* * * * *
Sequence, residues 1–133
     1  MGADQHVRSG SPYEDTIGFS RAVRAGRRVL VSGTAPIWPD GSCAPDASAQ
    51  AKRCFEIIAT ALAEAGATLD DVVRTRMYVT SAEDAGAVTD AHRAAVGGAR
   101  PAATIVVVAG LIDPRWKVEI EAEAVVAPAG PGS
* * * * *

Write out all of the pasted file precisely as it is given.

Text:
Sequence, residues 1–133
     1  MGADQHVRSG SPYEDTIGFS RAVRAGRRVL VSGTAPIWPD GSCAPDASAQ
    51  AKRCFEIIAT ALAEAGATLD DVVRTRMYVT SAEDAGAVTD AHRAAVGGAR
   101  PAATIVVVAG LIDPRWKVEI EAEAVVAPAG PGS